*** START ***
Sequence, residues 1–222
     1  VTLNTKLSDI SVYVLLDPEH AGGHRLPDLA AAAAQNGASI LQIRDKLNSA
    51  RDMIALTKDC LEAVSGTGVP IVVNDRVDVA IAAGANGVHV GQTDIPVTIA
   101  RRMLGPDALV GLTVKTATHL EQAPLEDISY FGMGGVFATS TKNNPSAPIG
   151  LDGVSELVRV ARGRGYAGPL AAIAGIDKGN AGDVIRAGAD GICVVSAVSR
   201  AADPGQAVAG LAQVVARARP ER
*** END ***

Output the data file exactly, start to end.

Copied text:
Sequence, residues 1–222
     1  VTLNTKLSDI SVYVLLDPEH AGGHRLPDLA AAAAQNGASI LQIRDKLNSA
    51  RDMIALTKDC LEAVSGTGVP IVVNDRVDVA IAAGANGVHV GQTDIPVTIA
   101  RRMLGPDALV GLTVKTATHL EQAPLEDISY FGMGGVFATS TKNNPSAPIG
   151  LDGVSELVRV ARGRGYAGPL AAIAGIDKGN AGDVIRAGAD GICVVSAVSR
   201  AADPGQAVAG LAQVVARARP ER